Step 2: The Data Source

Extend the ViewController class to conform to UICollectionViewDataSource and give it the two necessary methods.

extension ViewController: UICollectionViewDataSource {

    func collectionView(_ collectionView: UICollectionView, numberOfItemsInSection section: Int) -> Int {
        return images.count
    func collectionView(_ collectionView: UICollectionView, cellForItemAt indexPath: IndexPath) -> UICollectionViewCell {
        let cell = collectionView.dequeueReusableCell(withReuseIdentifier: "WheelCell", for: indexPath) as! CollectionViewWheelCell
        let image = images[indexPath.row]
        let imageView = UIImageView(image: image)
        cell.cellImage = imageView
        return cell

Download the .lsr images from this project’s GitHub or create your own. Using Apple’s layered image format gets you parallax and depth effects on your images in tvOS. Drag the images folder into the Assets.xcassets folder in Xcode. Now add the images array as a property on ViewController with image literals. Then type in the first few letters of the name of each image, and select the autocomplete
suggesion. Xcode support for layered image literals isn’t visually ideal, but makes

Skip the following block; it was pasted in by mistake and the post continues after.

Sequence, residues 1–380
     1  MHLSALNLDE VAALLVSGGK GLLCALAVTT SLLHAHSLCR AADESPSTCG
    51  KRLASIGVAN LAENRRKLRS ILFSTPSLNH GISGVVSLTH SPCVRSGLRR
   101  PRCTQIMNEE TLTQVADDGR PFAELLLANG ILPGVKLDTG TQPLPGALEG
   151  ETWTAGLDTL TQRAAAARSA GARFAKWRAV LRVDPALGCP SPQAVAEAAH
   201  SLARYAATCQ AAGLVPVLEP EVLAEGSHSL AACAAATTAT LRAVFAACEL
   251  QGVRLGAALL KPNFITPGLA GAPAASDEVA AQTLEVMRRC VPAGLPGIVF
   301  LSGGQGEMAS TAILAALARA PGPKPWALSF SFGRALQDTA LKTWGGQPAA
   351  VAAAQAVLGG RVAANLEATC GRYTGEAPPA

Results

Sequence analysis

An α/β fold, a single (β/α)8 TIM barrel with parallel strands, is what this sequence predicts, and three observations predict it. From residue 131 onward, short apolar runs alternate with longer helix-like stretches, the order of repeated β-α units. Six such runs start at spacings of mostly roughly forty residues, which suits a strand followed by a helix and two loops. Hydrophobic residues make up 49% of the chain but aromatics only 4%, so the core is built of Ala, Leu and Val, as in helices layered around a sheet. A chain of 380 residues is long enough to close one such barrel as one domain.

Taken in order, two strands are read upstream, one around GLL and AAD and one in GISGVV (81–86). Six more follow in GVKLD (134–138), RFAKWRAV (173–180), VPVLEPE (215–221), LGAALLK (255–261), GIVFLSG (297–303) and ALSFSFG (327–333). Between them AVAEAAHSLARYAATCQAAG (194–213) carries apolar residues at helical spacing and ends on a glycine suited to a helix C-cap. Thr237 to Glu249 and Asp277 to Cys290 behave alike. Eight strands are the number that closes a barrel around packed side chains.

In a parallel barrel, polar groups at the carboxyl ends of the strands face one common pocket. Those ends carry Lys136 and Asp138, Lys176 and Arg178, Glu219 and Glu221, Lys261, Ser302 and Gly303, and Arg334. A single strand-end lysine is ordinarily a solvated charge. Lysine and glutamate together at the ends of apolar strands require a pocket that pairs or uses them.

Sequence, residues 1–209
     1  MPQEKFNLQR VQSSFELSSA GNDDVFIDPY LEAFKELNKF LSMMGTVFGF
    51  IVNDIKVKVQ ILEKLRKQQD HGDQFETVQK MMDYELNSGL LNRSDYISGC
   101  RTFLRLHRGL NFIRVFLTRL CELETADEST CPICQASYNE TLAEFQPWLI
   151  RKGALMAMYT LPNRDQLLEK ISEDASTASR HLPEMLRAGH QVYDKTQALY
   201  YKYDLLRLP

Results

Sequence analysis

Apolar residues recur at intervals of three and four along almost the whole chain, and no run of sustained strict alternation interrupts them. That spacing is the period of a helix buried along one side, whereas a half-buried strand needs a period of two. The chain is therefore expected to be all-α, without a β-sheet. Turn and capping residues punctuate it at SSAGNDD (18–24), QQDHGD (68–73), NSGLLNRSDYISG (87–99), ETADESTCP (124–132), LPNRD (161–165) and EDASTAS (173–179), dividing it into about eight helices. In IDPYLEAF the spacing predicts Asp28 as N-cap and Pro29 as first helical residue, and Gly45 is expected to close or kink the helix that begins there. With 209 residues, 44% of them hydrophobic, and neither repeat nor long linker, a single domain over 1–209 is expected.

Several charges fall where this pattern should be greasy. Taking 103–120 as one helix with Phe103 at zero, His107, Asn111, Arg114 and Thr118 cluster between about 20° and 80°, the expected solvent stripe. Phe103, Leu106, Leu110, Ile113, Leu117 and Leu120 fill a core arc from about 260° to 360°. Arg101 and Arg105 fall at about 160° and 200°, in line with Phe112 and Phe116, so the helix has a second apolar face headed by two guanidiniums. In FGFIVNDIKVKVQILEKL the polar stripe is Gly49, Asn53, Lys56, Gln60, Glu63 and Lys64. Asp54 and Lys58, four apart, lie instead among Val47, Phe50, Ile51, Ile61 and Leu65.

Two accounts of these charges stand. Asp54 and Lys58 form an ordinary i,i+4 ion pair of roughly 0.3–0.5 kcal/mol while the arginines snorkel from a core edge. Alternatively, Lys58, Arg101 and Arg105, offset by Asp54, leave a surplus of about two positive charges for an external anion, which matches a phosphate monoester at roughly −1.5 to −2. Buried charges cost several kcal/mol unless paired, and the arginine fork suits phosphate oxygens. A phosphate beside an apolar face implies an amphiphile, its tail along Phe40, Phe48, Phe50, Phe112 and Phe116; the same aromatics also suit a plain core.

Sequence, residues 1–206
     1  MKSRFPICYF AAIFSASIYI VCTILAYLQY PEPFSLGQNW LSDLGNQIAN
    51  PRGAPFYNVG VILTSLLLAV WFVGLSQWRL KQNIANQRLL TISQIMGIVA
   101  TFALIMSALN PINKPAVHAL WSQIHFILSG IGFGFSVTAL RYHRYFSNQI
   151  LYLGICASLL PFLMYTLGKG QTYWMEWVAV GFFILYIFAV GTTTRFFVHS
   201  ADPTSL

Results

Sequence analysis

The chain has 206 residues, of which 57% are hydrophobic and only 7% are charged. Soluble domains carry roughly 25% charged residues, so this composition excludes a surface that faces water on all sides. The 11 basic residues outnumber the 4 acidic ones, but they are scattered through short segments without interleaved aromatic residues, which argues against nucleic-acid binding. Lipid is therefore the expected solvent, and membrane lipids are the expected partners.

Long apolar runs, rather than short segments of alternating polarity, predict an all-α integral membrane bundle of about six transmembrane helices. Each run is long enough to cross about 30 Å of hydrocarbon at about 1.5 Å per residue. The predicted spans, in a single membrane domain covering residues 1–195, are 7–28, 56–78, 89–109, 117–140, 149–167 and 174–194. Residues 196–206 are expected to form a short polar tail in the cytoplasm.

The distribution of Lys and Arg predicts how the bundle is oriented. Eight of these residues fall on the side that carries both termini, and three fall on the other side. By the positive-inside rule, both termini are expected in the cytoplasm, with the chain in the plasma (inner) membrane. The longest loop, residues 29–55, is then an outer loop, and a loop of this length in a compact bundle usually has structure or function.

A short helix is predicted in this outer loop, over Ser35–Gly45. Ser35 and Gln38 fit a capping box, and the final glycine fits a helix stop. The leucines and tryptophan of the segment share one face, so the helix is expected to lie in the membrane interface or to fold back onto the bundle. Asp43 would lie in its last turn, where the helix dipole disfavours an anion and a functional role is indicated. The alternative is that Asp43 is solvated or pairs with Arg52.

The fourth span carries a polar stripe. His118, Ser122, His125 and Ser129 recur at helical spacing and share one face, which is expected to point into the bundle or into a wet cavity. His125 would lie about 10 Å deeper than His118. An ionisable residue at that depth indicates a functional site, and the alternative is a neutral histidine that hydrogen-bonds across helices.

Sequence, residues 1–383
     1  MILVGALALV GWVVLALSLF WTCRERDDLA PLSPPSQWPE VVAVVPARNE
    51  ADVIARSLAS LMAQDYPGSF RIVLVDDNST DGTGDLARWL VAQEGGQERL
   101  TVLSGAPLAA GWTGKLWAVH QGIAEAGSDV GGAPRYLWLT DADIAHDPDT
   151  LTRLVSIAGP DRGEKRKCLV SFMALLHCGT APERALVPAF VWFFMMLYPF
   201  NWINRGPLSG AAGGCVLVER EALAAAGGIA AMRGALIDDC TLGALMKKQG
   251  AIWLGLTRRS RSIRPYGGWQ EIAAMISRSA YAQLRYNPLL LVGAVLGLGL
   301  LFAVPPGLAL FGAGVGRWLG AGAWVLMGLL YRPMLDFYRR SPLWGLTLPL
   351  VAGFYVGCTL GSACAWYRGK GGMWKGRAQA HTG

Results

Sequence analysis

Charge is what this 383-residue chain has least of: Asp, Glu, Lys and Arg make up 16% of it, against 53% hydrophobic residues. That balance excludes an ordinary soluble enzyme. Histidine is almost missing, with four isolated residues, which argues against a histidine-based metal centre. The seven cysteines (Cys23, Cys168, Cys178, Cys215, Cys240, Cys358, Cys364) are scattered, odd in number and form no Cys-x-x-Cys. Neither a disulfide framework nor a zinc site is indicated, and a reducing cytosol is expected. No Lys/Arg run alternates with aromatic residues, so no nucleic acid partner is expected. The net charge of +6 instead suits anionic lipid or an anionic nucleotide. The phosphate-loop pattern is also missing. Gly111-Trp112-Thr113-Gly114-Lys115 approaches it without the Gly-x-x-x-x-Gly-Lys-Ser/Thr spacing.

instantiating images easy.

Create the cell class CollectionViewWheelCell. This cell will hold only the image.

class CollectionViewWheelCell: UICollectionViewCell {
    var cellImage: UIImageView? {
        didSet {
    override var reuseIdentifier: String? {
        return "WheelCell"
    private func configureImage() {
        guard let cellImage = cellImage else {
	cellImage.frame = contentView.bounds
        cellImage.translatesAutoresizingMaskIntoConstraints = false
        cellImage.centerXAnchor.constraint(equalTo: centerXAnchor).isActive = true
        cellImage.centerYAnchor.constraint(equalTo: centerYAnchor).isActive = true
        cellImage.widthAnchor.constraint(equalTo: widthAnchor).isActive = true
        cellImage.heightAnchor.constraint(equalTo: heightAnchor).isActive = true

        cellImage.adjustsImageWhenAncestorFocused = true

Step 3: Assembling the Collection View